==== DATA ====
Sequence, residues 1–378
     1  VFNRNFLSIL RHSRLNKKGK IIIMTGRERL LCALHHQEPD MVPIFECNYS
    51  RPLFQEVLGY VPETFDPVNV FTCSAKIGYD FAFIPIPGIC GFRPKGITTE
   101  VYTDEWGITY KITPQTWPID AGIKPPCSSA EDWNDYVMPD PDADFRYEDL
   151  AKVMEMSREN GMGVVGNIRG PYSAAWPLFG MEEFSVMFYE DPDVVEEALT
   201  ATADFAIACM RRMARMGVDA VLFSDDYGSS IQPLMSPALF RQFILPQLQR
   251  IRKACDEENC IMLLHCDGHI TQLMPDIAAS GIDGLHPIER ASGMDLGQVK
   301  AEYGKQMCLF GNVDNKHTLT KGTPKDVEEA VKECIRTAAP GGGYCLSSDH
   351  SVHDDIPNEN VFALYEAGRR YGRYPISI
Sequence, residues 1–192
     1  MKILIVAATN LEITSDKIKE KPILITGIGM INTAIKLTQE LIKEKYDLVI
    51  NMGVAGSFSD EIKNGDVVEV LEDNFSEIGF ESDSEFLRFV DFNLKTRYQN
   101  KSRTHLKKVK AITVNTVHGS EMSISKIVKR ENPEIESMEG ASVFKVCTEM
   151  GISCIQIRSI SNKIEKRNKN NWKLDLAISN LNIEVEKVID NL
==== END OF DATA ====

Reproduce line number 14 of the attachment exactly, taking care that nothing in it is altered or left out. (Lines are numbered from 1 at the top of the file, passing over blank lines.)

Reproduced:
   151  GISCIQIRSI SNKIEKRNKN NWKLDLAISN LNIEVEKVID NL